Official data released on Wednesday showed that British consumer price inflation jumped more than predicted to 5.4% in December, the highest level in nearly 30 years, putting pressure on the Bank of England to hike interest rates again next month.

According to the Office for National Statistics, the increase in CPI to its highest level since March 1992 reflected a wide range of goods and services, with food and drink having the greatest impact, followed by restaurants and hotels.

However, the economic disruption caused by the Omicron coronavirus variant in December had only a little impact on the headline rate of inflation.

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The Bank of England became the world's first major central bank to raise interest rates since the beginning of the COVID-19 pandemic last month, a day after November CPI hit a 10-year high.

Rising inflation is also posing a political issue for Prime Minister Boris Johnson's government, which is under pressure from the opposition and charities to offset a 50% increase in regulated household energy costs in April.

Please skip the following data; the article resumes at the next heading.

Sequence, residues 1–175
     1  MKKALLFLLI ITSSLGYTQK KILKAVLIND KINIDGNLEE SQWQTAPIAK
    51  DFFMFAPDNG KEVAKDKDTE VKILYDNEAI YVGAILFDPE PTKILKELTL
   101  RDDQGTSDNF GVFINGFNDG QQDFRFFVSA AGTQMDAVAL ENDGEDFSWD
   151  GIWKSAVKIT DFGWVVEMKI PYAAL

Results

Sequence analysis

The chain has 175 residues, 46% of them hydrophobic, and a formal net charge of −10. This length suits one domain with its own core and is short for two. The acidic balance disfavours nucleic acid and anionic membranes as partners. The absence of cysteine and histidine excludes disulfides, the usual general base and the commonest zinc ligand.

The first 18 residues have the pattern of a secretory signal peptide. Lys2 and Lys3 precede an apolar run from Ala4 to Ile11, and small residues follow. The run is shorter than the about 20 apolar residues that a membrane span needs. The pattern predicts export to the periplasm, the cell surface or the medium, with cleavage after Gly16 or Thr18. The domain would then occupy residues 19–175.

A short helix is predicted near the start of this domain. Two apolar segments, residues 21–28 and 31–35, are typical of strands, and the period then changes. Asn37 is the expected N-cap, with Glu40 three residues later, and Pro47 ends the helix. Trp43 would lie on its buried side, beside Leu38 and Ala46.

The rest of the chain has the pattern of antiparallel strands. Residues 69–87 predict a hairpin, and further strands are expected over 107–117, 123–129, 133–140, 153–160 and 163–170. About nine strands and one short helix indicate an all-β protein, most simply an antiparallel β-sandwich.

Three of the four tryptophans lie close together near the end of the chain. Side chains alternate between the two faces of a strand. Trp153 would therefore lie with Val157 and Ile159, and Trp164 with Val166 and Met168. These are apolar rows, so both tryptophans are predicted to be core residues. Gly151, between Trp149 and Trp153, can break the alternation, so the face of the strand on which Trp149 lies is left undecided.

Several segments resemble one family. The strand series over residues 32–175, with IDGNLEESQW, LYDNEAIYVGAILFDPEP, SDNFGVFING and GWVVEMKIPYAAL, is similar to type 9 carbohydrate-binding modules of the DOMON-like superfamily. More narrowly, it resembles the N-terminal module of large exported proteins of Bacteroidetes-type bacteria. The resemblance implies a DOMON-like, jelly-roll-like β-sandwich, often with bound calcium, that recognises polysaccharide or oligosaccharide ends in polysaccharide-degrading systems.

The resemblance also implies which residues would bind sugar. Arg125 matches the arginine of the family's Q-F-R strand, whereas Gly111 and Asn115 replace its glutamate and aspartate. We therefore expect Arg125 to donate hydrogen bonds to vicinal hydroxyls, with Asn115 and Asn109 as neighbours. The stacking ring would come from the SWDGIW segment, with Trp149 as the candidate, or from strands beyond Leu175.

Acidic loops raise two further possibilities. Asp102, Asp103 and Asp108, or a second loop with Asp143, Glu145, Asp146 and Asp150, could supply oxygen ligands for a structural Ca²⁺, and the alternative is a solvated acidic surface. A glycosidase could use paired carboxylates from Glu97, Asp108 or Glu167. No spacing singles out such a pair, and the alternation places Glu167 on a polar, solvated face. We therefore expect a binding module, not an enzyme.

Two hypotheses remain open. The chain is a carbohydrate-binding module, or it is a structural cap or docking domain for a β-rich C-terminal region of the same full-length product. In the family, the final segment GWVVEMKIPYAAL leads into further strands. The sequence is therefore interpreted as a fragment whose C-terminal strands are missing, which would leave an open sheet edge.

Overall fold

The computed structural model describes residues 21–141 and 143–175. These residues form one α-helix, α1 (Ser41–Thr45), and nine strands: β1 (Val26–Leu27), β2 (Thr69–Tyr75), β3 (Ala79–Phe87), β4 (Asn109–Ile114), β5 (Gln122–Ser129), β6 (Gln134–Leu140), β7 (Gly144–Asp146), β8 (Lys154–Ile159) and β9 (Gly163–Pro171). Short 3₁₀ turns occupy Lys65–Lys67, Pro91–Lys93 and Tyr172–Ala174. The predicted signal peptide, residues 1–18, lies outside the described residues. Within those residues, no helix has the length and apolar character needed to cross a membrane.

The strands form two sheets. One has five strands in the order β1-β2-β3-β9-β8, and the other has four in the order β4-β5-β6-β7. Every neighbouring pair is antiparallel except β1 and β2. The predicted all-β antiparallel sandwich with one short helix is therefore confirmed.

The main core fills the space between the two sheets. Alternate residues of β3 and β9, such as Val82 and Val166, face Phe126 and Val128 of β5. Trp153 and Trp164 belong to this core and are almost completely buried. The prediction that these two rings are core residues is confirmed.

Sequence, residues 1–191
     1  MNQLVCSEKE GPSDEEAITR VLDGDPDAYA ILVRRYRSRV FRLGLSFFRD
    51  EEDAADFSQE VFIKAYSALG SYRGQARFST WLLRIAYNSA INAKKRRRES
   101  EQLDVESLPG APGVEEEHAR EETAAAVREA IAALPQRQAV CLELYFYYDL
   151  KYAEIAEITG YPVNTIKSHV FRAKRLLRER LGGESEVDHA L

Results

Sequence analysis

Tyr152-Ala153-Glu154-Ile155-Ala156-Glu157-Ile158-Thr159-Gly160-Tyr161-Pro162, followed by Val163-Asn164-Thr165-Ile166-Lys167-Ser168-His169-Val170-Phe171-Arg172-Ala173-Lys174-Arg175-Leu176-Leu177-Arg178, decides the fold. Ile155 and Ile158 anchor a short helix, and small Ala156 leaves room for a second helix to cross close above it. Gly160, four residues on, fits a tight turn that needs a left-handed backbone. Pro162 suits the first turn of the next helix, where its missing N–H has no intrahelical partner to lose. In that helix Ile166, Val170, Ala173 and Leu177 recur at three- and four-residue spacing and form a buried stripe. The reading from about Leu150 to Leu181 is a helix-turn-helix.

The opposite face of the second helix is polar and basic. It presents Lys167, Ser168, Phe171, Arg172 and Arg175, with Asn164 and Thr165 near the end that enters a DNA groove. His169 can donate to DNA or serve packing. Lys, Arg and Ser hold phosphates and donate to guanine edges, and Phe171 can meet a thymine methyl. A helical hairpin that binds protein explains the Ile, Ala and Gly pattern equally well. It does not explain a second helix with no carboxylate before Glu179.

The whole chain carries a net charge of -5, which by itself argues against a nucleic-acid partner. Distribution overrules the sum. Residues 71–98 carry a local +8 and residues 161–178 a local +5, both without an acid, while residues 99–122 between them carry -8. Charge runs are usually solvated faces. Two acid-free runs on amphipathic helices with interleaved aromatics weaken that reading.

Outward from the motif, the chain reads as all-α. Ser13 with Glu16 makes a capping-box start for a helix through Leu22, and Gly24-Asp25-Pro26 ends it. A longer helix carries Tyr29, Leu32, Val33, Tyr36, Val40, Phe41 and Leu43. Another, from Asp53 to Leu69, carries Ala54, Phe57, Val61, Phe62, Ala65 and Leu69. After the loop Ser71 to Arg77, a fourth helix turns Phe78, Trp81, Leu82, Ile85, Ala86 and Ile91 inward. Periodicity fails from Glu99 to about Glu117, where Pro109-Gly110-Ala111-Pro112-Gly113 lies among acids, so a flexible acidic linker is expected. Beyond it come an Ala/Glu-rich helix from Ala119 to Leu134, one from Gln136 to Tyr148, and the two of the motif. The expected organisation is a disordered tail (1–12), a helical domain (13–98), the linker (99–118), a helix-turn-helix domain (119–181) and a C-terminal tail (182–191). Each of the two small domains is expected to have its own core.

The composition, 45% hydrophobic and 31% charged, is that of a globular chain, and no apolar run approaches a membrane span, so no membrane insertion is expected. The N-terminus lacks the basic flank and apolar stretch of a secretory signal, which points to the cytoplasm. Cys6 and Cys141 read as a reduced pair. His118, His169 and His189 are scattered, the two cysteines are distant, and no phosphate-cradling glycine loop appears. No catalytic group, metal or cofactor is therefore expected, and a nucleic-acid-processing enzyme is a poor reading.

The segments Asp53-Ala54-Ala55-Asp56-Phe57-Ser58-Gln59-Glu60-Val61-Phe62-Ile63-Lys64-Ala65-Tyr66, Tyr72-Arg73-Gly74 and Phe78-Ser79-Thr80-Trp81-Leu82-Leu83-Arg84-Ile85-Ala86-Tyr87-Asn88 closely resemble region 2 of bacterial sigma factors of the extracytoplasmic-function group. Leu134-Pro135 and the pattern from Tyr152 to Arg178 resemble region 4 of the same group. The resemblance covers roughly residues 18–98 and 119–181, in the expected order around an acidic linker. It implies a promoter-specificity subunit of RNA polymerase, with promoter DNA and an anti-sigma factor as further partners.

"I understand the pressures people are under due to rising living costs, and we will continue to listen to people's concerns," finance minister Rishi Sunak said.

The BoE predicts that CPI will reach a 30-year high of roughly 6% in April as a result of increased energy bills, and that it will take more than two years for CPI to return to its objective of 2%.

The core CPI, which excludes often volatile food, energy, alcohol, and tobacco prices, increased to a record 4.2% in December, up from 3.9% in November, according to data released on Wednesday.